- Aid in the standardization of data systems, policies, procedures, and standards through clear understanding of where and how data is acquired and incorporated into the analytics program.
- Decrease costs related to data management
- Increased transparency for any data activities through the understanding of data sources and data acquisition processes
- Increased overall revenue through lower occurrence of errors and measurement of the organization’s performance
- Improved operational efficiency owing to a better capacity to plan
- Improved data qualiy
Data Governance Participants
Effective Data Governance strategies require participation from all levels of the organization. Whether we are talking about a data warehouse project, a big data or, machine learning effort, participation across the organization is a fundamental requirement.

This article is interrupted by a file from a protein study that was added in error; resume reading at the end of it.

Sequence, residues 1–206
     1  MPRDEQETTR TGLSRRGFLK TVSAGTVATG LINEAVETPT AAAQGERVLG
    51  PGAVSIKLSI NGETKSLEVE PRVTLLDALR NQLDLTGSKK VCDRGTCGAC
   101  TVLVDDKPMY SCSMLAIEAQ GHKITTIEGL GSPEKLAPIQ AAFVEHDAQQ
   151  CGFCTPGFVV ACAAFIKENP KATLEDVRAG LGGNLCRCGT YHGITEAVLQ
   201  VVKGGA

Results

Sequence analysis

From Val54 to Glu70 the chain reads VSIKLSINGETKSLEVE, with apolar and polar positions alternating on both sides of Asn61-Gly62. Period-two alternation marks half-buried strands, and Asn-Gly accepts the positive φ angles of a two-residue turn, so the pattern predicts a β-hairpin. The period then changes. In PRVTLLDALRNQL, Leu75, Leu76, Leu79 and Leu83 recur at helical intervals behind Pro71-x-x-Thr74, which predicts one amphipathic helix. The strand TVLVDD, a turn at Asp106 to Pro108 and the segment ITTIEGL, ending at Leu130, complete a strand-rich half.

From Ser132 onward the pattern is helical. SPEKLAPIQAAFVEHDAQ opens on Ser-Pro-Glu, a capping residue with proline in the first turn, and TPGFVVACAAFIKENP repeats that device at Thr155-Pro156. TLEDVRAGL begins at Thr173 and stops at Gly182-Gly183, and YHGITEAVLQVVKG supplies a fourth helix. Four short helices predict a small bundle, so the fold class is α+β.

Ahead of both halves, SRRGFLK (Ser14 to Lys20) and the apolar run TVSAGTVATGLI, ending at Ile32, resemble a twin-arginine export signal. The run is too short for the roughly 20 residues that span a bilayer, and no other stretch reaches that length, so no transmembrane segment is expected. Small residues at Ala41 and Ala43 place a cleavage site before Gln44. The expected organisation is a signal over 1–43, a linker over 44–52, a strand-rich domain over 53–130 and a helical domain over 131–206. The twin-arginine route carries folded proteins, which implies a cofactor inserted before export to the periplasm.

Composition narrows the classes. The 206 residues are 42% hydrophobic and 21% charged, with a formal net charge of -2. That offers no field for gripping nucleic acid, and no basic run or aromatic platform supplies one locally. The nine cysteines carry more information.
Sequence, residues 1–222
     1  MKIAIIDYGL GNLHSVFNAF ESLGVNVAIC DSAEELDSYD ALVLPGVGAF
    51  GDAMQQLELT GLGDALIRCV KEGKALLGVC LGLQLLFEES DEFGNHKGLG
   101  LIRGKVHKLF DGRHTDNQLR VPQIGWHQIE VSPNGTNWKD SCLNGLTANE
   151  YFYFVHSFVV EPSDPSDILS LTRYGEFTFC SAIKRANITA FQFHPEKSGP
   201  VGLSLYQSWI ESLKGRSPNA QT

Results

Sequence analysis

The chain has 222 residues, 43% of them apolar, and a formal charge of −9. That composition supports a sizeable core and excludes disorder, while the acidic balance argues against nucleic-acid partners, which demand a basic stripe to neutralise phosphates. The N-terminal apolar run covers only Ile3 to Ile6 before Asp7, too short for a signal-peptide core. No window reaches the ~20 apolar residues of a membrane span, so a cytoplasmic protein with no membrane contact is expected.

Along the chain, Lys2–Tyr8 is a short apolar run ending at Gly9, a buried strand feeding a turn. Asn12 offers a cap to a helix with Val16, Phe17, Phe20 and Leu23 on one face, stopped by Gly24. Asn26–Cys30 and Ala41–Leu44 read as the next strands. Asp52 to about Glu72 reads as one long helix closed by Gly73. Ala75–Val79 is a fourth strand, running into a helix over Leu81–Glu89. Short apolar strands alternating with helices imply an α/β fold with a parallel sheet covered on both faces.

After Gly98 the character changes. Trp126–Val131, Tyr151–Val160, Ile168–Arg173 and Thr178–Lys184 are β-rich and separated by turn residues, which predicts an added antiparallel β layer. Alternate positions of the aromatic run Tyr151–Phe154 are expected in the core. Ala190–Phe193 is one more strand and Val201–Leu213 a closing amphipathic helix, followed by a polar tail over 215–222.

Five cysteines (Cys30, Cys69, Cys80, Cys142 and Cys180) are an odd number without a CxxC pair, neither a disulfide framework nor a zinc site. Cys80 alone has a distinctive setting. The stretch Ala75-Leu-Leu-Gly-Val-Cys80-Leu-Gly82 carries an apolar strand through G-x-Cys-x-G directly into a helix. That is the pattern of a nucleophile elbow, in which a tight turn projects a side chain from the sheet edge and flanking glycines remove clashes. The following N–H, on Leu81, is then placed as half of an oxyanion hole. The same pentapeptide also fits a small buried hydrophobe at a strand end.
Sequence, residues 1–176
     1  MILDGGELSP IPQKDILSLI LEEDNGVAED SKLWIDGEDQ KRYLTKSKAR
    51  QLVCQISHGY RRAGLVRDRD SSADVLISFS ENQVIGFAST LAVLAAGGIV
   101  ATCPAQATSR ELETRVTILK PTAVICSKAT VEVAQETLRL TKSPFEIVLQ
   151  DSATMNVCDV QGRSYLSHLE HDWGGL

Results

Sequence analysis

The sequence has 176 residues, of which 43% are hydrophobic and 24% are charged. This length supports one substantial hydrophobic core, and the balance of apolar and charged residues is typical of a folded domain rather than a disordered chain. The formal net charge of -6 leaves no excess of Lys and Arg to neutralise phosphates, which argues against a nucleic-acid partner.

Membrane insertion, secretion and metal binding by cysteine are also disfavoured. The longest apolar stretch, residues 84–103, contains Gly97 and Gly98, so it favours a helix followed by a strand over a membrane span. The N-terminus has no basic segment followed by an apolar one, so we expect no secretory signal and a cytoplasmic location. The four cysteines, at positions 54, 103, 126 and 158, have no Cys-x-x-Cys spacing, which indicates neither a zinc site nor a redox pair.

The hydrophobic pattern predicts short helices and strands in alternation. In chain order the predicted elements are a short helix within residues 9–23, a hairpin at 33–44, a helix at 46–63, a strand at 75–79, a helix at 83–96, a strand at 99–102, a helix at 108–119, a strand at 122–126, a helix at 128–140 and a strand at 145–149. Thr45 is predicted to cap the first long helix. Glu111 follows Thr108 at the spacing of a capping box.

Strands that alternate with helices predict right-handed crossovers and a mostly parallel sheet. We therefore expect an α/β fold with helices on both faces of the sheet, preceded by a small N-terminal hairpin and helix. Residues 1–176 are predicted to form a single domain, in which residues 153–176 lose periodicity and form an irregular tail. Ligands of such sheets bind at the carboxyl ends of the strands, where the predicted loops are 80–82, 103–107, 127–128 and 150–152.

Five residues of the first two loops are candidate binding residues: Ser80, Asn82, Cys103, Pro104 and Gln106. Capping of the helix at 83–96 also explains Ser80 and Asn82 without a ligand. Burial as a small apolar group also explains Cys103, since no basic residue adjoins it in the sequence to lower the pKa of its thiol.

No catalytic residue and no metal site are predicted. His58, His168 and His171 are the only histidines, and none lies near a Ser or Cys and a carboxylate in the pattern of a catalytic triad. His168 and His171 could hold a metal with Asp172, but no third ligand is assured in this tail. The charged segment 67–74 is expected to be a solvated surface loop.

Common roles include:
- Executive Stakeholders: Responsibilities include creating the vision and outlining the metrics that will be measured and evaluated by the effort
- Data Architect: The Architect is a senior technical staff member who has a broad understanding of the internal and external data sources, the capabilities of the systems and, how data can be brought together to support the effort
- Data Owners: Departmental leaders who understand the data generated through day to interactions and operation of their business unit
- Data Stewards: Departmental members who are subject matter experts in how data is processed and stored in operational systems
- Technical Data Stewards: IT Staff who work with the Data Owners and the Data Stewards to acquire and aggregate data for the analytics effort
AI’s Role in Data Quality